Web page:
It is official - the Russell 2000 is now trading in uncharted territory.
After Wednesday's historic press conference by Federal Reserve Chairman Ben Bernanke, Wall Street pushed the Russell 2000 to its highest level on record. The Russell has climbed over 150% since March 2009 and is currently 9.9% higher year-to-date.
In last week's issue, titled "Have Small Caps Peaked?" - I suggested that investors should begin taking a more defensive position and consider reducing broad exposure to small caps due to their record prices and rich valuations.
Simply put, small caps have never been this expensive.
A Stock Picker's Market
With the valuation of the Russell 2000 so high, now is not the time to buy a small-cap index fund such as the iShares Russell 2000 (NYSEARCA:IWM). Rather, now is the time to perform thorough and extensive research to find stocks that offer attractive growth and trade at decent valuations and have been overlooked by other investors and analysts.
I have several on my watchlist that I will be relaying to you over the next few weeks. Today I'll tell you about a small-cap gem that I think will act as a great defensive growth stock in any stock market.
The company is automotive replacement parts supplier Dorman Products (NASDAQ:DORM).
According to The Wall Street Journal, Japanese auto parts suppliers are having a difficult time meeting the demand needs of leading Japanese car makers Toyota (NYSE:TM) and Honda (NYSE:HMC). Moreover, the WSJ recently reported that the catastrophe in Japan is now starting to affect the production of North American car manufacturers. If the slowdown continues, U.S. parts suppliers could feel the pain.
But Pennsylvania-based Dorman will not suffer the same fate and its business has never been better.
Dorman has positioned itself well within the auto parts supplier industry, using its innovation to churn out products at a record pace. After 10 years of sustained and accelerated revenue growth the company released a record number of new products in 2010, which I believe will help to fuel the company's long-term growth trend. It was the perfect storm because as the economy was rebounding Dorman was simultaneously ramping up their production.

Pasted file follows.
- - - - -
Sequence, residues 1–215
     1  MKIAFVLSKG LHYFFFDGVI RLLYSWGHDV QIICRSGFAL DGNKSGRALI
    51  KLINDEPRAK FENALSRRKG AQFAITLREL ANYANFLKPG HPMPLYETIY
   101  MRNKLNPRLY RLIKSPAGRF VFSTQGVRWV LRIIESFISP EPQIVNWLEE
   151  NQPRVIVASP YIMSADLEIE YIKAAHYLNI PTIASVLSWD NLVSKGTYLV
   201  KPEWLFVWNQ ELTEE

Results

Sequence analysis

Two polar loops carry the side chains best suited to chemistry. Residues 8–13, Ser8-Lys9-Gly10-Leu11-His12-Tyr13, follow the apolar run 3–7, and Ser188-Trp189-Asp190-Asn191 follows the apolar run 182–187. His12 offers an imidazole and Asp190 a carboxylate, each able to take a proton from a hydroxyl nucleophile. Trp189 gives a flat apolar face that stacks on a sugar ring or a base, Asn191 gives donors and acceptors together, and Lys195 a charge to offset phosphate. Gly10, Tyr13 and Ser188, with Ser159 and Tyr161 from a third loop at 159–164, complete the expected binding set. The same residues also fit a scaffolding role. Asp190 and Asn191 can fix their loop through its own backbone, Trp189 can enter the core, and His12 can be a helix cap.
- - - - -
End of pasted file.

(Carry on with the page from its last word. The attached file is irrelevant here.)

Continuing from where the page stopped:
The boost in new products was directly reflected in the company's first quarter earnings.
The company beat estimates as revenue grew 26% in Q4 to $124.5 million while full-year sales were up 23.4% to $481.1 million.
In terms of the bottom line, its first quarter earnings per share grew 56% to 69 cents, while full-year earnings for 2010 jumped 74% to $2.59. CEO Steven Berman attributes the company's success to the new product development efforts and said that "revenues from products introduced in the last two years topped 20% for the quarter." He expects to see the same in 2011. Analysts' EPS estimate for 2011 is $2.94.
The push for new products also solidified a competitive advantage for the company. According to Dorman's CFO, the company is able to use its innovation to get a two year window of no competition on its new parts. Furthermore, it has no competitors in many of its product lines.
Over the long-term the company has displayed consistent and stable growth. Earnings trends show that they are growing solidly year over year. Its revenues have increased in nine consecutive years which is praiseworthy considering the dire economic situation that occurred back in 2007. Very few companies can make this claim.
Given the sustained and accelerated growth over the past 10 years and the competitive advantage created by the surge in new products during 2010. I think shares are at least 15%-20% undervalued. In my opinion the growth in 2010 was only the beginning of what will be an extended run for Dorman.